This was the lady I saw earlier, dressed in scrubs, giving bed baths to the patients. Then she said, “by the way, I’m… Director of ICU”. Director of ICU? It’s 22:30, most directors are asleep by now, heck, they don’t even answer their pagers or voicemails after 1900. They don’t even call you back when you need them.

I thought to myself…

Finally a Director who has balls enough to be a part of the solution and not just pass the buck around with empty promises and “I just work here” attitudes…

Finally a Director who empathizes with her staff and isn’t afraid to get down and dirty on the floor…

Finally, a Director who will earn the respect of her staff because of what she does, and not what her title says…

Being Top 5% on the outside isn’t bad. It may probably bring in the much needed revenue this hospital needs due to the dip in census blamed on a fairly new hospital which opened in the area.

But then again, top awards don’t mean anything, especially to those who know work conditions aren’t as ideal as it should be. That Top 5% Award is like a whitewashed tomb… beautiful to look at on the outside, but inside full of dead men’s bones!

Director… where does your loyalty lie?

Would you be loyal to us like we are loyal to you and our unit?

Would you put our patient’s needs first before you figure out how much supplies we need to cut so you can have a larger bonus check at the end of the year?

Would you be concerned about staffing the floor right so everyone gets a fair share of the workload, or would you rather cut staff short and spare that extra RN’s salary so you can show better “productivity” for your unit?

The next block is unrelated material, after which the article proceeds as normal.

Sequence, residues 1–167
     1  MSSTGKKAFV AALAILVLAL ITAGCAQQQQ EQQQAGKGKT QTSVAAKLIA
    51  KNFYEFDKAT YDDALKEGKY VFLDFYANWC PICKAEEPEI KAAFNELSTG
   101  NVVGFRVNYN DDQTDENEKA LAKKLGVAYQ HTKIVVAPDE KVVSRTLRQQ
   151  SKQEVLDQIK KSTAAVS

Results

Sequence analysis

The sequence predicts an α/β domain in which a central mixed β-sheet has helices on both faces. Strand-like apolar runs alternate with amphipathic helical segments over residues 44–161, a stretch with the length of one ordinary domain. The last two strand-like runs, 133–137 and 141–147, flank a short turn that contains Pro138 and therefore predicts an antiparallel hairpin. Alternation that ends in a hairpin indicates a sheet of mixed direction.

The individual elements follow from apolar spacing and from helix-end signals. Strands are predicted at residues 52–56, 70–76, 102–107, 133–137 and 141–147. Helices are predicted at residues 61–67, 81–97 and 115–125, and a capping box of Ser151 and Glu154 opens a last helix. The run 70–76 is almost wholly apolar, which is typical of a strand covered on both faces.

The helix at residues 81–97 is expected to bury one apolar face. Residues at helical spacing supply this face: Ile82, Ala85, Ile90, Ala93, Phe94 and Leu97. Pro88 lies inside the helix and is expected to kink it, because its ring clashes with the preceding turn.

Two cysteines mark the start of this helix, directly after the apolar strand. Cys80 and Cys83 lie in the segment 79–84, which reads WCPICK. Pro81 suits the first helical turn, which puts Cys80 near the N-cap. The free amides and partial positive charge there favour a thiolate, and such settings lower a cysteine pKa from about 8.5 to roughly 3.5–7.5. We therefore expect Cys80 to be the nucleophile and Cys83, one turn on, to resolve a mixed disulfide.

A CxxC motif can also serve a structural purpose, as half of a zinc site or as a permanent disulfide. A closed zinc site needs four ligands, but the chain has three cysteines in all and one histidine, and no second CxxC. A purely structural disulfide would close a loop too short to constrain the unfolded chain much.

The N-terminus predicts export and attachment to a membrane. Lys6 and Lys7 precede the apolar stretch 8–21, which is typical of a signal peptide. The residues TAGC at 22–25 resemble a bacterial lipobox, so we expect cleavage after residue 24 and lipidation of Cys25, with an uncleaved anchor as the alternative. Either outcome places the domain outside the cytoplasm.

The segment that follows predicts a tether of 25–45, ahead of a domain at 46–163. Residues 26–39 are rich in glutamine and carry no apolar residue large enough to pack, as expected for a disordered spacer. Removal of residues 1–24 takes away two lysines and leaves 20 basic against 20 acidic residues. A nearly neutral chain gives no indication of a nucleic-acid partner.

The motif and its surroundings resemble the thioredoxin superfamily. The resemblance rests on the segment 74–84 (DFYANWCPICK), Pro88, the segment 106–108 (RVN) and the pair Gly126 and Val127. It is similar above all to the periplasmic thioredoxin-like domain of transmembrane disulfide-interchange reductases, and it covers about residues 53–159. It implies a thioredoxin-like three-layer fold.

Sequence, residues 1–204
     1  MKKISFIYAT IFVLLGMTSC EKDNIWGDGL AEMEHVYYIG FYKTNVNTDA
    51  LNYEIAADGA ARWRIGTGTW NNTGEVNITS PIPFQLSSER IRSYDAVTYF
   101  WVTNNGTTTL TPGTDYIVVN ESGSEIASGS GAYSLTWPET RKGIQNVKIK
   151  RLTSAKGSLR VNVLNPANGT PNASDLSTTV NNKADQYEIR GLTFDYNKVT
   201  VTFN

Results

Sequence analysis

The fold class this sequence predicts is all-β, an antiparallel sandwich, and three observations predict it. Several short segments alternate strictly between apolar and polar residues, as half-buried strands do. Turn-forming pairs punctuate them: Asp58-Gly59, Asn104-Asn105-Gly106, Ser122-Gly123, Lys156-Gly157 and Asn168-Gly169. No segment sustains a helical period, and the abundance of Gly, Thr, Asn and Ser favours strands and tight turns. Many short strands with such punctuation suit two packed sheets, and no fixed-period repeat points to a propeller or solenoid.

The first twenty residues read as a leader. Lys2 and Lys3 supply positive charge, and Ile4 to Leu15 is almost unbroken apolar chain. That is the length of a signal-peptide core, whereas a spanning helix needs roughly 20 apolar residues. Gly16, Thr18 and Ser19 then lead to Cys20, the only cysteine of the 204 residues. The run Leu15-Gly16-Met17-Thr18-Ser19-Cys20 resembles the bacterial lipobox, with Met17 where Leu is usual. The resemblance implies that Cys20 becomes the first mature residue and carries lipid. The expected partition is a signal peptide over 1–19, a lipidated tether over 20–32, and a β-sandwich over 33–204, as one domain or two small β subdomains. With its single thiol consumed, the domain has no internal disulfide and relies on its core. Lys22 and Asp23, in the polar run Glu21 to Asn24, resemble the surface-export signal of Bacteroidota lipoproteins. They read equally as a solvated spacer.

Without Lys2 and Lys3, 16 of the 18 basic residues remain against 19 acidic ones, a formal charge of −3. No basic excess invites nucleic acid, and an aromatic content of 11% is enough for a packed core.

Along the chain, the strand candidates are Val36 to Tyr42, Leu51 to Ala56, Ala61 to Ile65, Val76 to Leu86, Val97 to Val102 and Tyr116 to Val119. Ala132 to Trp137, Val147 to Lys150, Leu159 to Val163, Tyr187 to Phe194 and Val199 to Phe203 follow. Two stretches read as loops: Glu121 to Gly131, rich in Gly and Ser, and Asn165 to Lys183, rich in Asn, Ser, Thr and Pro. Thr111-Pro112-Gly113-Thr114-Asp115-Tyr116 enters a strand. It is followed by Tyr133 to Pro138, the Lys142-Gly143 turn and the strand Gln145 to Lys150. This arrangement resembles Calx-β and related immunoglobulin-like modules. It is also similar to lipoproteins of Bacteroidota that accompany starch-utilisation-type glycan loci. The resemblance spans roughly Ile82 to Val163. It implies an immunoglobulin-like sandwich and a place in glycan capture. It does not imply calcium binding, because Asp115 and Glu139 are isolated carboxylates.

Would you actually listen to your staff’s concerns and view them as an opportunity to improve your unit and maybe create a more cohesive team?

Would you have the guts to stand up for your unit and defend your own staff?

Someone once told me, “If nobody says anything, how should I know?”

I think it’s about time for a unit meeting…

What do you say Director?

Save… save… save… Data vs Money? February 5, 2007

Posted by 5 Wester in General Announcements.
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Opus Logon

It’s the last tab before you’re done and only one item left, then suddenly, a error… a screen pops up and states there is a Javascript error on line 15 on the page.  You lose 30 minutes worth of Admission Data entry. That’s Opus Clindoc for you!

In a situation like this, how can you recover the data you entered? You can’t. It’s just a sample of poor programming…period! And for a system that’s supposed to be the Rolls Royce of EMRs, I don’t think there was very good planning involved.

The number one rule for all IT and critical data application is backup, backup, backup.  You can also say redundancy, redundancy, redundancy (not trying to sound redundant 🙂 ). I suppose all that bloated AJAX code got to their head… then all of a sudden, you have this system costing thousands of dollars, which quite frankly does a good job frustrating and aggravating users, who are the very people it is supposed to help. Unfortunately all IS can come up with is a lousy excuse about how every decision has to come from “corporate”, talk about passing the buck! Besides, IS don’t have to use this piece of software engineering genius everyday, we do. So why can’t they fix it?

My guess is as good as yours!